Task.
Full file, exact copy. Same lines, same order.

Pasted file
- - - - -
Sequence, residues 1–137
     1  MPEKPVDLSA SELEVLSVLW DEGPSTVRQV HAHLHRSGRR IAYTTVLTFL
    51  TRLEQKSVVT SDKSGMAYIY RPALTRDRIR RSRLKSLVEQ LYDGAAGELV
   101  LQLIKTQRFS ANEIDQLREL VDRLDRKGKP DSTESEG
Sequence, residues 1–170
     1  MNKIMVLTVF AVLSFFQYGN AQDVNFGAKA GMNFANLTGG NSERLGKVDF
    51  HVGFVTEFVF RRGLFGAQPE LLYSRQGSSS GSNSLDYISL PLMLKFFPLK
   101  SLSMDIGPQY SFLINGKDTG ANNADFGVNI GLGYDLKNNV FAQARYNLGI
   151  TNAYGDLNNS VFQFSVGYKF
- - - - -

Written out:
Sequence, residues 1–137
     1  MPEKPVDLSA SELEVLSVLW DEGPSTVRQV HAHLHRSGRR IAYTTVLTFL
    51  TRLEQKSVVT SDKSGMAYIY RPALTRDRIR RSRLKSLVEQ LYDGAAGELV
   101  LQLIKTQRFS ANEIDQLREL VDRLDRKGKP DSTESEG
Sequence, residues 1–170
     1  MNKIMVLTVF AVLSFFQYGN AQDVNFGAKA GMNFANLTGG NSERLGKVDF
    51  HVGFVTEFVF RRGLFGAQPE LLYSRQGSSS GSNSLDYISL PLMLKFFPLK
   101  SLSMDIGPQY SFLINGKDTG ANNADFGVNI GLGYDLKNNV FAQARYNLGI
   151  TNAYGDLNNS VFQFSVGYKF